- Kenneth Bae's sister says her brother is in good spirits, bears no ill will
- Bae thanks Obama and the North Korean government for his release
- Plane carrying Bae and Matthew Todd Miller lands at a base in Washington state
- North Korea says it received apology from Obama for the men's actions
Two Americans who spent months imprisoned in North Korea are back on U.S. soil, after North Korean leader Kim Jong Un ordered their release.
They were freed following a rare visit to the secretive East Asian nation by a top U.S. official, who brought with him a letter from U.S. President Barack Obama.
A plane carrying Kenneth Bae and Matthew Todd Miller, the last two American citizens known to be held by North Korea, landed at Joint Base Lewis-McChord in Washington state late Saturday.
The two men got off the U.S. government plane -- Bae first, then Miller -- and walked into the welcoming arms of smiling relatives who were waiting on the tarmac.
"I just want to say thank you all for supporting me and standing by me during this time," Bae said in brief comments to the media at the base.
He thanked Obama and the State Department for securing his release -- and he also had words of gratitude for the country that held him prisoner for two years.
"I'd like to thank the DPRK North Korean government, as well -- allowing me to come home and be united with our family," he said, using an abbreviation for North Korea's official name, the Democratic People's Republic of Korea.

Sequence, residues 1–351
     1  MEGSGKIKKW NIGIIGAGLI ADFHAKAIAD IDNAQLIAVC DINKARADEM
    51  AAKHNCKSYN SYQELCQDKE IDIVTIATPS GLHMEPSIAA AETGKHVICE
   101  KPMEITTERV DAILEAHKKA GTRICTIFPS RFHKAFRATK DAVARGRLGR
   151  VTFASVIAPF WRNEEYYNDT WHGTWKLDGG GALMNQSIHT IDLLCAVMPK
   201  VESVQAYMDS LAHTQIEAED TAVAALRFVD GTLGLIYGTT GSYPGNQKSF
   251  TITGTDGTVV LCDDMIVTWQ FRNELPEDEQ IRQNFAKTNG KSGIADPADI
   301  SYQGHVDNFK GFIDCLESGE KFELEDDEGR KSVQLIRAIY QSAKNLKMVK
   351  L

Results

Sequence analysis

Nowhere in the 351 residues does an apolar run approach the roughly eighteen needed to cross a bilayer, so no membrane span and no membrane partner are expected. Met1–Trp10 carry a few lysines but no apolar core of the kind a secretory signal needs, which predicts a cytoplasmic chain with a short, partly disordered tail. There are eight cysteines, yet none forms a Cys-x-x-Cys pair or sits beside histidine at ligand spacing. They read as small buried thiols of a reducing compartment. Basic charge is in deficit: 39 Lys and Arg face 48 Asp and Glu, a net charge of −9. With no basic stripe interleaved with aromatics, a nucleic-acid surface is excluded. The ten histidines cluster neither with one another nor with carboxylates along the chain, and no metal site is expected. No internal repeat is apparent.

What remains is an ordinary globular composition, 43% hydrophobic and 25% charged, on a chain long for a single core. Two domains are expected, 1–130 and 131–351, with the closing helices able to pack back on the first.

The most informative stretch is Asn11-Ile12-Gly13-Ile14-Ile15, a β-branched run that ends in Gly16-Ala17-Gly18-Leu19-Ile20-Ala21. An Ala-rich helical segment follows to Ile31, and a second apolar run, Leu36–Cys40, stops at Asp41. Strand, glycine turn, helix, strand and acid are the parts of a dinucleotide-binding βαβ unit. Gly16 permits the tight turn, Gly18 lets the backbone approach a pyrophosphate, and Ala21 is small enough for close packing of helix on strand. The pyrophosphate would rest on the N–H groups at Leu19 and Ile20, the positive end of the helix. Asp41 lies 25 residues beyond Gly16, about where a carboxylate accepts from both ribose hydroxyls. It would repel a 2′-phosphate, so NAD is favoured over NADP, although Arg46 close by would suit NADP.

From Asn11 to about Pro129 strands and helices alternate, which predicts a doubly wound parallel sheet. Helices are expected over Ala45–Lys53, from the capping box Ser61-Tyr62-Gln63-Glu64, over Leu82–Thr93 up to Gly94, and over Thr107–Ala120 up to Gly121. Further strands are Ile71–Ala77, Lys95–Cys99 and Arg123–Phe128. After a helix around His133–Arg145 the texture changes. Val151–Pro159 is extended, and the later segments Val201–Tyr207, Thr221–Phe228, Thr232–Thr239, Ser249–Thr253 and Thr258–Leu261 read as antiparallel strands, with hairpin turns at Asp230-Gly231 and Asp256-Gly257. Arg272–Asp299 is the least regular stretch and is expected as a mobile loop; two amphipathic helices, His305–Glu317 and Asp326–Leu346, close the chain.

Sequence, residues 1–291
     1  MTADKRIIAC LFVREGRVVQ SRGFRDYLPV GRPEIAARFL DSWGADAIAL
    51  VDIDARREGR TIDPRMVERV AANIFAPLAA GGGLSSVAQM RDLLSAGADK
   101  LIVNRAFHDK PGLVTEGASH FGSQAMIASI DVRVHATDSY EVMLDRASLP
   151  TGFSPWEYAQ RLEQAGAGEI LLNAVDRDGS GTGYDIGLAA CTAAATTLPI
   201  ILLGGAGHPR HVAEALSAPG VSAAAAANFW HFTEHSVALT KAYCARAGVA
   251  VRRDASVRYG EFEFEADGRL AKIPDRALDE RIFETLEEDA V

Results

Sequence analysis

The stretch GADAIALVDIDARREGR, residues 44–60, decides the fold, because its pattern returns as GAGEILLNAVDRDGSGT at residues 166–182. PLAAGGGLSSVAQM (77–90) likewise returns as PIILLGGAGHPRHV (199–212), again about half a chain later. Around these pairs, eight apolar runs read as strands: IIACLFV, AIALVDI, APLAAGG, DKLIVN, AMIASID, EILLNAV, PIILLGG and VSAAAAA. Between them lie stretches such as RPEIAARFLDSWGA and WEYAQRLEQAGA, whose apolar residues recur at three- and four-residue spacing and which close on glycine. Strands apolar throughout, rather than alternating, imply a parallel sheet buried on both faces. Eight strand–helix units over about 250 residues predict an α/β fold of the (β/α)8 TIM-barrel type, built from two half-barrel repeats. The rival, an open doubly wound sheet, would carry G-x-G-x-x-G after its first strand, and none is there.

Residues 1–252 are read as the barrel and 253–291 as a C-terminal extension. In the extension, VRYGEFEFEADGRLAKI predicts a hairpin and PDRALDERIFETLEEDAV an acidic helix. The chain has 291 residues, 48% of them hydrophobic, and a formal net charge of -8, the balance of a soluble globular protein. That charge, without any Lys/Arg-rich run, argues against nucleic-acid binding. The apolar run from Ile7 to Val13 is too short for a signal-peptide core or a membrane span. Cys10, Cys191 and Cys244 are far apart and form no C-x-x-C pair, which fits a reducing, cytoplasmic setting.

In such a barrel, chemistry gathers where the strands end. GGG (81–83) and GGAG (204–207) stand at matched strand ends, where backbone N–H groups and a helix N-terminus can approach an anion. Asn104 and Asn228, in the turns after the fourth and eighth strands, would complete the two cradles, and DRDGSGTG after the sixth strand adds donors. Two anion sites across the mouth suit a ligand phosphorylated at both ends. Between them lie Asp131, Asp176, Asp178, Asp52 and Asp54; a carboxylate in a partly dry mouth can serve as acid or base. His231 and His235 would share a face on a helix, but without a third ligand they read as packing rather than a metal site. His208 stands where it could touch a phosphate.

Asked about concerns about his health
during his imprisonment, Bae, 46, said he was "recovering."
He and Miller were released after James Clapper, U.S. director of national intelligence, went to Pyongyang as an envoy of Obama, a senior State Department official told CNN.
Their release comes less than a month after North Korea freed Jeffrey Fowle, an Ohio man who spent five months in detention. North Korean authorities took Fowle into custody after he left a Bible at a club in the northern part of the country.
Letter from Obama
Clapper delivered a letter from Obama, addressed to North Korean leader Kim Jong Un, describing Clapper as "his personal envoy" to bring the Americans home, a senior administration official told CNN on Saturday.
The letter was "short and to the point," the official said. Clapper did not meet with Kim.
Clapper had no guarantee he would succeed in bringing the Americans home, a senior State Department official told CNN.
The North Korean government issued a statement about the release, saying it received an "earnest apology" from Obama for the men's actions. It also said the two were "sincerely repentant of their crimes and (were) behaving themselves while serving their terms."
According to the statement, the first chairman of North Korea's National Defense Commission ordered the release. The title is one of several top positions that Kim holds in the North Koran hierarchy.
Bae, a Christian missionary who ran a company specializing in tours of North Korea, was accused by Pyongyang of plotting to bring down the government through religious activities. He was detained in late 2012, and in April 2013 was sentenced to 15 years of hard labor.
On his return to America on Saturday, he thanked the "thousands of people" he said had prayed for him.
"Thank you all for supporting me, lifting me up and not forgetting me," said Bae, a resident of Lynwood, Washington.
U.S.: No 'quid pro quo'